It was a proper match day, the atmosphere moved on from the dewy-eyed ‘we’re all back together’ vibe into the more familiar sense of agony, frustration, anger and relief. The Wycombe fixture is not the Swindon derby – nobody is asking us to make that claim – but it’s a modern rivalry with a local team with enough history and antagonism for us to embrace it a bit more. It’s exactly what I needed after a week of being crumpled. 

Match wrap: AFC Wimbledon 3 Oxford United 1

In September 2018, before we played Manchester City in the League Cup, the Guardian interviewed Cameron Norman, tracking his redemption story from rejection at Norwich to Oxford United via King’s Lynn in the seventh tier. That evening, Norman didn’t make the bench and only played one more league game before being shipped out on loan to Walsall the following January.

This isn’t an unusual September media story; devoid of much else to talk about, they’ll find a club, manager or player who has appeared to rise like a phoenix over the course of the opening games of the season. Accrington top of the table? Yes please.

If you track those stories over the longer-term, their subjects invariably sink back to obscurity as the natural order takes over. These stories fill gaps in the schedules while the real narratives figure themselves itself out.

Everyone is trying to find a signal in the noise; to find the thread, it’s like trying to work out whether a 600 page novel is worth the investment from the opening paragraphs. This season has been our best start under Karl Robinson, our second best at this level for 27 years and yet we’ve one point from nine on the road despite leading in each of the three games.

It’s very easy to draw a grand conclusion from the capitulation against Wimbledon; to question the substitutions which seemed to turn the game on its head, but whether this is the story of the season or of the moment is still to be understood. 

There are lessons to learn and adjustments to make. The most obvious is addressing our ability to give away leads. We’ve lost two and drawn one from winning positions; add the late equaliser by Burton in the League Cup and even the late pre-season defeat to Bristol Rovers and you’ve got yourself a trend. 

Our four centre-backs have an average age of twenty-six, which sounds OK until you consider that without John Mousinho – who’s unlikely to play much – the average drops to twenty-three. Jordan Thornily is the most experienced centre-back Karl Robinson has ever signed and he’s only 24 with less than 100 games experience. Robinson’s strategy (gamble?) seems to rely on finding stability over experience at the back, something he got with Rob Atkinson and Elliott Moore last season and John Mousinho and Rob Dickie the year before. In 2018/19, when we struggled, we switched around Dickie, Mousinho and Curtis Nelson, who all three played over 30 games. Ever-present Thornily has partnered Moore and Luke McNally for three games each so far. Add into the mix our new full-back combinations and we’ve got a new and unstable back-four.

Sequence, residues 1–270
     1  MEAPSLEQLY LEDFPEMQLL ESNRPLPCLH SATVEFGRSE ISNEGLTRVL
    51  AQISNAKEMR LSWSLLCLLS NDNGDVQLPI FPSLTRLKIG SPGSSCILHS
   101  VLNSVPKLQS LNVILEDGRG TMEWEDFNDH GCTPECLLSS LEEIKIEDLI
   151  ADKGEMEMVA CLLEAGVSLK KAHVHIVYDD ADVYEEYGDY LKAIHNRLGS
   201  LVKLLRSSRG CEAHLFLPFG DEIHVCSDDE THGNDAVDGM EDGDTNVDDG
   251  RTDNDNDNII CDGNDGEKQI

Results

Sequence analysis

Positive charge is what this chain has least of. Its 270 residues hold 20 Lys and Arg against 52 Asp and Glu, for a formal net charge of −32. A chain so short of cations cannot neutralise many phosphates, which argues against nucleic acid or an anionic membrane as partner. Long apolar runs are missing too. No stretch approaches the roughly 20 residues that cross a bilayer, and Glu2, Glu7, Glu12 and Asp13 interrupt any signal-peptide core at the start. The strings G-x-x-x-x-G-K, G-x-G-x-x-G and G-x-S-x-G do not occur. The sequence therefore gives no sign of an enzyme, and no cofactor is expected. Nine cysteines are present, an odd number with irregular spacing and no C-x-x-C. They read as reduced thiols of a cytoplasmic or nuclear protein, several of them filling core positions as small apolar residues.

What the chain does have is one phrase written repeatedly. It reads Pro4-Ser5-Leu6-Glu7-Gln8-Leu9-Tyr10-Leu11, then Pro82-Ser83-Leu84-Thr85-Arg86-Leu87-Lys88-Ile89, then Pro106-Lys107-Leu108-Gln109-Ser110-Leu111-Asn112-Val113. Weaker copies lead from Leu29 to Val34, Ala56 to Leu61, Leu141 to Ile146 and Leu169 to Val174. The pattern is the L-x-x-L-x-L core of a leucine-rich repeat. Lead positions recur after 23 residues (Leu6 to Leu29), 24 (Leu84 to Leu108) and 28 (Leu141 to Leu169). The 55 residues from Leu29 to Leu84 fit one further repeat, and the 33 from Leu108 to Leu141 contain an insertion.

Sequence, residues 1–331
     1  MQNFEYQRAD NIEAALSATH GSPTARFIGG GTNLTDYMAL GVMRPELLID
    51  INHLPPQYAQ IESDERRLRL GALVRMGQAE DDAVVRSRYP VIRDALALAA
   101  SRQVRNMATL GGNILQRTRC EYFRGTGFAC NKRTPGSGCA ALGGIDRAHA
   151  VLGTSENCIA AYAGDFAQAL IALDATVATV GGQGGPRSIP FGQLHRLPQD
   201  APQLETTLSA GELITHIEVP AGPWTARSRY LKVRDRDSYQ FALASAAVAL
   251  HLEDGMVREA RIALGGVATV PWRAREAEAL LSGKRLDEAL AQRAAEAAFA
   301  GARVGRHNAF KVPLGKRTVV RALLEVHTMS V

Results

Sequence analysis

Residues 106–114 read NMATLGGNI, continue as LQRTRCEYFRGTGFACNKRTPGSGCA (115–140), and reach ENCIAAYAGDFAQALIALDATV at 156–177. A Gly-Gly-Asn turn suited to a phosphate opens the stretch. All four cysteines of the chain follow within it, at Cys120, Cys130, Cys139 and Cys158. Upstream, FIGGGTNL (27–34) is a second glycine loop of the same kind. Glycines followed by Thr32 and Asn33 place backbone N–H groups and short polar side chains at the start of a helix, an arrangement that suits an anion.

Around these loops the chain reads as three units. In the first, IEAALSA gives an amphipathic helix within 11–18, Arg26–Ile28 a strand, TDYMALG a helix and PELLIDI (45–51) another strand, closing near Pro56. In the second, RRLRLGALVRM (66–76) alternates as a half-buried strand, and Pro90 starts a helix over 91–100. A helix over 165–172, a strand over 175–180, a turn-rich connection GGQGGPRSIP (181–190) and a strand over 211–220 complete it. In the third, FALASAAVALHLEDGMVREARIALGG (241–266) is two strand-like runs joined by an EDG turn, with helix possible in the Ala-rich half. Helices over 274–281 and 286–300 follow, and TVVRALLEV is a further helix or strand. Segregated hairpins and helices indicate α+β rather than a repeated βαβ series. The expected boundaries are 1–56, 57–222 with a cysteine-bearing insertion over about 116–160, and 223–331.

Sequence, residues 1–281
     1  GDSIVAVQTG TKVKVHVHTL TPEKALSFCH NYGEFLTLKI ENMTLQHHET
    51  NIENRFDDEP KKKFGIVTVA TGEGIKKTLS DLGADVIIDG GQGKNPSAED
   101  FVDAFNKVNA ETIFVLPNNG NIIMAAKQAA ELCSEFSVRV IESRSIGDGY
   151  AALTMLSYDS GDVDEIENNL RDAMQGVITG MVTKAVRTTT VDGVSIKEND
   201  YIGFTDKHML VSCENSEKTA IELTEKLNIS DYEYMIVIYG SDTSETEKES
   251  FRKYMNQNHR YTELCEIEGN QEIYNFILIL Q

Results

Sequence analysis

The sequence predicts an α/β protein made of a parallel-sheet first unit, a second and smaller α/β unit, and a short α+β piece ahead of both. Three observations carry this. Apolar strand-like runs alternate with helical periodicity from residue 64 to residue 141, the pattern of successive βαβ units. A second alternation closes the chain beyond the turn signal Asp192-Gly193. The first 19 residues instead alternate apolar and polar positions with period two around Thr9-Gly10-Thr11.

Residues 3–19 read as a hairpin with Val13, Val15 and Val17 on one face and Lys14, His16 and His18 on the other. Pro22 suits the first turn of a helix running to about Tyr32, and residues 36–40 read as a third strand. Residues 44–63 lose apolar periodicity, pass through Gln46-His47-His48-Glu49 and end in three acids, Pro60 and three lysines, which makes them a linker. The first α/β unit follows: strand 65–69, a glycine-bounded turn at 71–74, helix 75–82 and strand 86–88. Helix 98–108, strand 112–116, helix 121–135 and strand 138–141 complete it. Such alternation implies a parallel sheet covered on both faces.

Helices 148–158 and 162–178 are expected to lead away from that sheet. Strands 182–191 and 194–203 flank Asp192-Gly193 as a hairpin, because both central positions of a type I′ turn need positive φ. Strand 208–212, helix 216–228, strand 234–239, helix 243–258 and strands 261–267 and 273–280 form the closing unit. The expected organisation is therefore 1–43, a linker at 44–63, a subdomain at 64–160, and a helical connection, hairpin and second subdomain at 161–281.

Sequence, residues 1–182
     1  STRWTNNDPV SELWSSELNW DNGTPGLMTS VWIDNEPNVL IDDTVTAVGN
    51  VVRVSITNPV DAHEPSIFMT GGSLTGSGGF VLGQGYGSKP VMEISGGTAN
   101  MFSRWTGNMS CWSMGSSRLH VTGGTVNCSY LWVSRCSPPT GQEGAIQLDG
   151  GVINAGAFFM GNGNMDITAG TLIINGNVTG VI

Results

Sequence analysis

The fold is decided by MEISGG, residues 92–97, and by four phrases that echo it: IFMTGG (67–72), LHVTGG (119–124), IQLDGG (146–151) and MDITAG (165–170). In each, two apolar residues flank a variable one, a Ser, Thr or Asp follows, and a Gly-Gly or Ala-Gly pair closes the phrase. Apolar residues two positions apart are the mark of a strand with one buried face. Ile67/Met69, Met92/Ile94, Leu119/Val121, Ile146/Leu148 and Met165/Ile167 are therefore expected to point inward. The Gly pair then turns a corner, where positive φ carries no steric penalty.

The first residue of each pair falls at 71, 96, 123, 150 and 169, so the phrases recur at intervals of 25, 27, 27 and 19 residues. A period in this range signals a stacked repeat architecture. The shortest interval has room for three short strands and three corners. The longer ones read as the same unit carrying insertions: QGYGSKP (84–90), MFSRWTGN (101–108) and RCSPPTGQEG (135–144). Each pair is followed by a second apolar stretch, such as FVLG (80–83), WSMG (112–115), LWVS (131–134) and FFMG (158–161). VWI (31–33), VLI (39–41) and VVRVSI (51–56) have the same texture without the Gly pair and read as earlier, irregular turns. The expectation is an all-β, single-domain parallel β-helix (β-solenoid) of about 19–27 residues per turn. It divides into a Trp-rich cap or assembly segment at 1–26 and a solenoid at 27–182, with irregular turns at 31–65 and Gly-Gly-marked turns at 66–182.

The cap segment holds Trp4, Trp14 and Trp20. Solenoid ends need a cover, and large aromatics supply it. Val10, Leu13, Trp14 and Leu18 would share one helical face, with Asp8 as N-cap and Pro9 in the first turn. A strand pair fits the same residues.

Is this a new story? The risk has been there for a couple of seasons. What isn’t clear is whether this is a blind spot or deliberate strategy, a club of our size can’t cover all its risks; some things you just go with, but we’ve flooded the squad in midfield and have experience in Gorrin and Henry to steady the ship if we need it, upfront we have Matty Taylor and Sam Winnall, who are both over-30. We’ve never really sought to add experience at the back, relying on the ageing Mousinho.

Earlier this year, when covid restrictions were lifted and we were registering 65,000 cases a day, there were predictions that they would sky rocket past 100,000 within weeks. Then cases actually went down to about 30,000, one epidemiologist suggested that the 65,000 could contain two waves; a short-term one based on unusual behaviours during the Euros and a longer-term wave reflecting more ‘typical’ behaviour and therefore transmissibility. Only close analysis will tell which is the equivalent of the short-term ‘September media story’ and which is the longer-term narrative. 

Likewise, for all we know, even though its the best start under Karl Robinson, this might be the slow start we’ve seen in previous years while the team get to know each other. Perhaps these wrinkles will iron themselves out and we’ll see momentum build, but it looks like, this time, we’ll be doing it from a higher base. This the shape we’ve seen in previous seasons; start slow and build. It might be that this is just a short-term ‘September story’; it’s worked in the past and has, broadly, worked so far this season, tactical errors but a strategic success? Perhaps.

Match wrap: Oxford United 3 Lincoln City 1

It’s not been much of a summer, but do I sense that there’s already a slight chill in the air? I was out for a walk the other day and noticed a few golden leaves had fallen from the trees. It’s still August, but already it’s starting to feel like the early onset of Autumn. 

I find the turning of the seasons a bit of a relief; if I could choose between excessive heat and excessive cold, I’d always choose the latter. Football fans are the people of the gloaming; we don’t bask in an endless sunshine, we huddle. While others hibernate, we come out to forage through the harshness of the winter months.